The 18i8 is in a more broad segment in the Focusrite range. It has the expandability of a full audio interface while remaining as compact as possible for road use. It doesn't have all the inputs of the 18i20 but is a definite step up from the 8i6.

Tech Specs

  • A/D Resolution: Up to 24-bit/192kHz
  • Simultaneous I/O: 18 x 8
  • Inputs: 4 x XLR-1/4" combo (mic/Hi-Z), 4 x 1/4" (line), 1 x Coax (S/PDIF), 1 x Optical
  • Outputs: 4 x 1/4" (line out), 2 x 1/4" Headphones, 1 x Coax (S/PDIF)
  • Computer Connectivity: USB 2.0 (Class Compliant)
  • MIDI: In/Out
  • Preamps: 4 x mic preamps
  • Power Source: 12V DC power supply (included)
  • Phantom Power: +48V
  • Bundled Software: Ableton Live Lite, Pro Tools First Creative Pack, Red Plug-in Suite, Focusrite Collective access

Rating Source Highlights

Website Source *Rating Value
YouTube RebirthofSOC 97/100
YouTube Larry Ivy 88/100
*Displayed values are prior to the Gearank Algorithm's adjustments it makes when evaluating the source.

Focusrite Scarlett 18i20 3rd Gen

96
GEARANK

96 out of 100. Incorporating 1000+ ratings and reviews.

Street Price: 

$550
Focusrite Scarlett 18i20 3rd Gen USB Audio Interface
At publication time this was the Highest Rated USB Audio Interface: 8 Analog Inputs.

Cons

  • Clunky routing software

Pros

  • Time-tested reliability and quality
  • Generous amount of inputs and outputs with expansion options for even more
  • Improved third generation preamps featuring "Air" ISA emulation and more headroom

The 18i20 is the flagship of the Scarlett range. It features 8 mic preamps, 1 S/PDIF in, 2 ADAT ins, and MIDI I/O.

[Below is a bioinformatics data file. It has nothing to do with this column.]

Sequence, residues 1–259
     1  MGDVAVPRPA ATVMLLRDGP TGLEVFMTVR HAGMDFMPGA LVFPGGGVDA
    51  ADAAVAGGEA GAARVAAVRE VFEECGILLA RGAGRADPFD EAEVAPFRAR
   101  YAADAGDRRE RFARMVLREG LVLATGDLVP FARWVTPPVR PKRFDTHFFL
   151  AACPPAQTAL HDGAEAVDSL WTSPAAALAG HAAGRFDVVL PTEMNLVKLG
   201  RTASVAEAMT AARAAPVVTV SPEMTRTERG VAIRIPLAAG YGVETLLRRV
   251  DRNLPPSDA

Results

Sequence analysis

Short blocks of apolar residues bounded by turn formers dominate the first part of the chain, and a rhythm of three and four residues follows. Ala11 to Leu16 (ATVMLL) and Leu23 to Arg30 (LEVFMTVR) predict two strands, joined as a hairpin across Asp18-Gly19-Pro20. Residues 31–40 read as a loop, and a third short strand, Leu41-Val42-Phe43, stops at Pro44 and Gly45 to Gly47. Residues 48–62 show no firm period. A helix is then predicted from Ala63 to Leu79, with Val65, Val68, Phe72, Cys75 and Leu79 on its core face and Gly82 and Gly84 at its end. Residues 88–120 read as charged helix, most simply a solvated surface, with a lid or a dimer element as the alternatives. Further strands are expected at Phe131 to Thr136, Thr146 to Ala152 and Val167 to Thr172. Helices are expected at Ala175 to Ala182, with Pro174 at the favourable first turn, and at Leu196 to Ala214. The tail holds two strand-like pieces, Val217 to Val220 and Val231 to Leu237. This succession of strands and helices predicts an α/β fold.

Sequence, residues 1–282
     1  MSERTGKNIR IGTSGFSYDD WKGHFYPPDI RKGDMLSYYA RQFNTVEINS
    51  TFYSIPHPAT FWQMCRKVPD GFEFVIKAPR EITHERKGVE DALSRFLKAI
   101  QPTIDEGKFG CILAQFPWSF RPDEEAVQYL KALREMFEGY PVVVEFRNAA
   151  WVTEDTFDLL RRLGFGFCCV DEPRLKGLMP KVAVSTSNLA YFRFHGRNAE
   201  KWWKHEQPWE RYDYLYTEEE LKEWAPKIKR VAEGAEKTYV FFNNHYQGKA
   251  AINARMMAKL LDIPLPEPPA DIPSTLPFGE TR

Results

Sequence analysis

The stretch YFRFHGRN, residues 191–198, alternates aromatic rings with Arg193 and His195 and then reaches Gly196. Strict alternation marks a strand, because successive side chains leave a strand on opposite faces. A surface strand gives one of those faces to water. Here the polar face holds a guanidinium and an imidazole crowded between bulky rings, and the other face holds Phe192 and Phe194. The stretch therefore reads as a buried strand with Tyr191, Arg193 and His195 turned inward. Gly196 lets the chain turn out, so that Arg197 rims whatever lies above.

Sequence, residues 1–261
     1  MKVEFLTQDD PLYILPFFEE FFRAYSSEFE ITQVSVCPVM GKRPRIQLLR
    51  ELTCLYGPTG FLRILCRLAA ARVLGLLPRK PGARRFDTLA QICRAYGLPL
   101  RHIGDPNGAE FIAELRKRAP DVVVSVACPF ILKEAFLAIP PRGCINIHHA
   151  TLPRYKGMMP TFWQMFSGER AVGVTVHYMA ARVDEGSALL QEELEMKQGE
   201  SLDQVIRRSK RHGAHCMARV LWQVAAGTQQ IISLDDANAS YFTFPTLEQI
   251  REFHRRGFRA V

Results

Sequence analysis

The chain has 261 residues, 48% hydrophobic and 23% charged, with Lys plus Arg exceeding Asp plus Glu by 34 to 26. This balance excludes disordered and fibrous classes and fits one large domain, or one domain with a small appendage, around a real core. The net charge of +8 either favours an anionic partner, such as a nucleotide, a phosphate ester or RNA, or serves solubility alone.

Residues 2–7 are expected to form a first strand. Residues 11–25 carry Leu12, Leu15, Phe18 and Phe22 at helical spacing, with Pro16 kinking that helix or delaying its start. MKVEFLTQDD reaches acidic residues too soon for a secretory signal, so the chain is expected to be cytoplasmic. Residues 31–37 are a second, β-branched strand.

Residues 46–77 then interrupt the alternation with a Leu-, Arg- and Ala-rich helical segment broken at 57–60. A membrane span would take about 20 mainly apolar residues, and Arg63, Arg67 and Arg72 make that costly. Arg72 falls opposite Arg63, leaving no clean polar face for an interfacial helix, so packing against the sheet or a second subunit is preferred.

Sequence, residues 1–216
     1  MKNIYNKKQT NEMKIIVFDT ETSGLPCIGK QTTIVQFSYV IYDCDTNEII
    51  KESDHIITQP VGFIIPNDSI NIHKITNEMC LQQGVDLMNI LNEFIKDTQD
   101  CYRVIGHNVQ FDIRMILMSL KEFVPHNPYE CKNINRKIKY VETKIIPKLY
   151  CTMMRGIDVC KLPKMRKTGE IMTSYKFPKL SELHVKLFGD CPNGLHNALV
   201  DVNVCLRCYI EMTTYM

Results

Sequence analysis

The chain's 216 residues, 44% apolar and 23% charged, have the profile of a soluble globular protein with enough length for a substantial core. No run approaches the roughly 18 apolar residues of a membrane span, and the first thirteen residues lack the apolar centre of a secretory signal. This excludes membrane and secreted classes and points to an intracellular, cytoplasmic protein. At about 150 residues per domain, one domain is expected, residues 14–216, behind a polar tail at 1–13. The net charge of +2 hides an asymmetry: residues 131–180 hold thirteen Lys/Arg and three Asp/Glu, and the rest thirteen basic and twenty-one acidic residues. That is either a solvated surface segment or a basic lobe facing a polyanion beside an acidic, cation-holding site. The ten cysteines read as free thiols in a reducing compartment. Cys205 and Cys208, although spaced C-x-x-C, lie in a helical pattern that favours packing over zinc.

It has enough inputs to record a full band on its own. Additional inputs can be patched in via ADAT for 18 simultaneous inputs. The 20 outputs can be used to route to outboard gear or additional monitoring in your studio.

It also features a built-in talkback microphone.

The 18i20 is the centerpiece of many recording studios. The great thing going for this specific Scarlett interface is the number of mic preamps available on the unit itself and when combined with additional preamps like the Focusrite Scarlett Octopre, it has more than enough to record a full band and more. This is a "serious" audio interface with good reason: the 18i20 makes sure you're ready to handle bigger sessions.

The same clunky routing software included with other Scarlett interfaces is present here as well. There were some problems with the drivers on early units but those have since been resolved by updates from Focusrite.

The 3rd Gen 18i20 brings a lot to the table. Sure, other interfaces offer the same amount of preamps but what sets the Focusrite Scarlett 18i20 apart is time-tested reliability and quality. With the new generation having better gain handling and the new "Air" feature trickled down from Focusrite's ISA series preamps, the 3rd Gen 18i20 is a winner.

Tech Specs

  • A/D Resolution: 24-bit/192kHz
  • Simultaneous I/O: 18 x 20
  • Inputs: 2 x XLR-1/4" combo (mic/Hi-Z), 6 x XLR-1/4" combo (mic/line), 1 x Coax (S/PDIF), 2 x Optical (ADAT)
  • Outputs: 10 x 1/4" (line out), 1 x Coax (S/PDIF), 2 x Optical (ADAT), 2 x 1/4"
  • Computer Connectivity: USB 2.0
  • MIDI: In/Out